Geography of Slovakia

Slovakia is a landlocked Central European country with mountainous regions in the north and flat terrain in the south.

History of Andorra

Andorra, officially the Principality of Andorra (Catalan: Principat d'Andorra), also called the Principality of the Valleys of Andorra (Catalan: Principat de les Valls d'Andorra), is a sovereign landlocked microstate in Southwestern Europe, located in the eastern Pyrenees mountains and bordered by Spain and France.

International rankings of Taiwan

The following are the international rankings of Taiwan.

Islam by country

Adherents of Islam constitute the world's second largest religious group. According to a study in 2015, Islam has 1.8 billion adherents, making up about 24.1% of the world population. Most Muslims are either of two denominations: Sunni (80–90%, roughly 1.5 billion people) or Shia (10–20%, roughly 170–340 million people). Islam is the dominant religion in Central Asia, Indonesia, Middle East, North Africa, the Sahel and some other parts of Asia. The diverse Asia-Pacific region contains the highest number of Muslims in the world, easily surpassing the Middle East and North Africa.About 31% of all Muslims are of South Asian origin, therefore South Asia contains the largest population of Muslims in the world. Within this region, however, Muslims are second in numbers to Hindus, as Muslims are a majority in Pakistan and Bangladesh, but not India.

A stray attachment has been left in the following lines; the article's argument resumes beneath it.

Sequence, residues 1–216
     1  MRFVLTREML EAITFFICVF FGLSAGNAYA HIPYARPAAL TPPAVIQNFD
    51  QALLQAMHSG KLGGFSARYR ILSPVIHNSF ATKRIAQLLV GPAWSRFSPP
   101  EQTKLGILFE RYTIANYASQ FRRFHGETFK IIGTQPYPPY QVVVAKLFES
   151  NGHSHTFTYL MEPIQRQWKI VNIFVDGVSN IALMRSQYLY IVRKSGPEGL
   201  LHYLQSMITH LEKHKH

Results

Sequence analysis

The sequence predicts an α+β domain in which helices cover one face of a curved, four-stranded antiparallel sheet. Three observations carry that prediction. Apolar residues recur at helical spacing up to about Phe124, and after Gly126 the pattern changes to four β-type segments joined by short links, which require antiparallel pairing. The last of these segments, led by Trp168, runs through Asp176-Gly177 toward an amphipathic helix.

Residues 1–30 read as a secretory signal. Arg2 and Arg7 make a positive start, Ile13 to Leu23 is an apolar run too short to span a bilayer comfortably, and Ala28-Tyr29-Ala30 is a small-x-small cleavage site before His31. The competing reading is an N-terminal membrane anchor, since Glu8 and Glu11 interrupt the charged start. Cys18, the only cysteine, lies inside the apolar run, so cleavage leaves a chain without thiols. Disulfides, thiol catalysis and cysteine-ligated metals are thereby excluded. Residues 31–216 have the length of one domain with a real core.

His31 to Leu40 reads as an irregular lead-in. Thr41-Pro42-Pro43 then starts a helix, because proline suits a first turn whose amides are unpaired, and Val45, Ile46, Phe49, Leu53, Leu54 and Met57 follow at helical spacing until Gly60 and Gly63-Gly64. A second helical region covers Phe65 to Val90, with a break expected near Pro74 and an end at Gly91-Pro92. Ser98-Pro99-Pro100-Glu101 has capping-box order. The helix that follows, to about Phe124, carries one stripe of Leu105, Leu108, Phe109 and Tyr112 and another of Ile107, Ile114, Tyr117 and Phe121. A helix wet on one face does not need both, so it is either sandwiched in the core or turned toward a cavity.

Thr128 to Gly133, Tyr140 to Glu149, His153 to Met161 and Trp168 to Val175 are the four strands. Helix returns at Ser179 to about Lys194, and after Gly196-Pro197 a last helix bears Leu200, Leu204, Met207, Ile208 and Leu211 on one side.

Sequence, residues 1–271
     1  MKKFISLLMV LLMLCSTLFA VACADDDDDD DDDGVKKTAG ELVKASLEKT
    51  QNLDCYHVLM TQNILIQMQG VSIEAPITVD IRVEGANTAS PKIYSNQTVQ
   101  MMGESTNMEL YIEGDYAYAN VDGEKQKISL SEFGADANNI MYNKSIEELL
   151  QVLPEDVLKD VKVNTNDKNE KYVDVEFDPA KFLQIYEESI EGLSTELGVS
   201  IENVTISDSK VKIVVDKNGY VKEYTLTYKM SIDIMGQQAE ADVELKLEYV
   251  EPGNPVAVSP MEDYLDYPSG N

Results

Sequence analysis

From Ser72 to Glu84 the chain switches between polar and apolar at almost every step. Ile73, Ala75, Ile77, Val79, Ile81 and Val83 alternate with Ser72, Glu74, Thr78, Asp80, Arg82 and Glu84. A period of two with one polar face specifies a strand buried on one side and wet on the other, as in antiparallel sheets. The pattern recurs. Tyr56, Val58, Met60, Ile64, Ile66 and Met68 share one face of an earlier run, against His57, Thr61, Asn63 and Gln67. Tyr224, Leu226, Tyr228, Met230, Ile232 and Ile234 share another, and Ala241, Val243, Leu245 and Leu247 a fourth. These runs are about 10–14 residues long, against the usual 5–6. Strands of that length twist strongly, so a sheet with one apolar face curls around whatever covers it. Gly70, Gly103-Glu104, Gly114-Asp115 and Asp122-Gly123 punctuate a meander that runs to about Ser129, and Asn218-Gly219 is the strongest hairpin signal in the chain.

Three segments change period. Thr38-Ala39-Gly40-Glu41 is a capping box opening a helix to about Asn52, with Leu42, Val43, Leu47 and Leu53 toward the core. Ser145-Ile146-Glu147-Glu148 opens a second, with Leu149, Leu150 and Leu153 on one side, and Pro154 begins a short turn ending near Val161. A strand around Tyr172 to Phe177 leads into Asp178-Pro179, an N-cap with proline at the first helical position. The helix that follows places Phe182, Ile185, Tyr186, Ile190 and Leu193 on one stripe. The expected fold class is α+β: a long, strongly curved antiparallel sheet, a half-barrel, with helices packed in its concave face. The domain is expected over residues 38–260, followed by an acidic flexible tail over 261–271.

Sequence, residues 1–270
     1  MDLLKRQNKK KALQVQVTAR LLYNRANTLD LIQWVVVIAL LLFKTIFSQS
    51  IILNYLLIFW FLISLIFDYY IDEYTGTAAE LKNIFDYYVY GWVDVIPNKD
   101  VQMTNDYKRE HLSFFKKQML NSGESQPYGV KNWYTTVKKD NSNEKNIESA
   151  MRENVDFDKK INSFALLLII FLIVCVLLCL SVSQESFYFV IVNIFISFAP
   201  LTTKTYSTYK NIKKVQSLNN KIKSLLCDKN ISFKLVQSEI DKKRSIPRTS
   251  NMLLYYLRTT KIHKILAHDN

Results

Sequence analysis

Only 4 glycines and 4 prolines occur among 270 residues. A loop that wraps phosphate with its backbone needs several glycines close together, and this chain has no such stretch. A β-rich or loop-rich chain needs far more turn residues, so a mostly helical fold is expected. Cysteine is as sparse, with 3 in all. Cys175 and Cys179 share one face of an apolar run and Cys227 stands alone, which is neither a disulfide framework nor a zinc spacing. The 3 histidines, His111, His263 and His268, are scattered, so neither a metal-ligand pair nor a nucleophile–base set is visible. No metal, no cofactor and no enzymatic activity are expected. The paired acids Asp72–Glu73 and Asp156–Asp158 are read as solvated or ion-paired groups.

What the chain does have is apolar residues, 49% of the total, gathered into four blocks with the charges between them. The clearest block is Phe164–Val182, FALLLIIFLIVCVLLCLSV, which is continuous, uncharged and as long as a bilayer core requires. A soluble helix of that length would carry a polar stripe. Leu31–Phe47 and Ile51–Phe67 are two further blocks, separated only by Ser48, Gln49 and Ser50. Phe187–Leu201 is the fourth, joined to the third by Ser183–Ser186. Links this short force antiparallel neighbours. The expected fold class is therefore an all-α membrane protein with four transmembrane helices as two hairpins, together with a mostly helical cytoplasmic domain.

The various Hamito-Semitic (including Arab, Berber), Turkic, and Iranic countries of the greater Middle East-North Africa (MENA) region, where Islam is the dominant religion in all countries other than Israel, hosts 23% of world Muslims.

The country with the single largest population of Muslims is Indonesia in Southeast Asia, which on its own hosts 13% of the world's Muslims. Together, the Muslims in the countries of Southeast Asia constitute the world's third largest population of Muslims. In the countries of the Malay Archipelago Muslims are majorities in each country other than Singapore, the Philippines, and East Timor.

About 15% of Muslims reside in Sub-Saharan Africa, and sizeable Muslim communities are also found in the Americas, the Caucasus, China, Europe, the Philippines and Russia.Western Europe hosts many Muslim immigrant communities where Islam is the second largest religion after Christianity, where it represents 6% of the total population or 24 million people. Converts and immigrant communities are found in almost every part of the world.

Languages of Africa

The languages of Africa are divided into six major language families:

Afroasiatic languages are spread throughout Western Asia, North Africa, the Horn of Africa and parts of the Sahel.

Austronesian languages are spoken in Madagascar.

Indo-European languages are spoken in South Africa and Namibia (Afrikaans, English, German) and are used as lingua francas in the former colonies of Britain and Liberia (English), former colonies of France and of Belgium (French), former colonies of Portugal and remaining Afro-Portuguese islands (Portuguese), former colonies of Italy (Italian), former colonies of Spain (Spanish) and the current Spanish territories of Ceuta, Melilla and the Canary Islands (Spanish).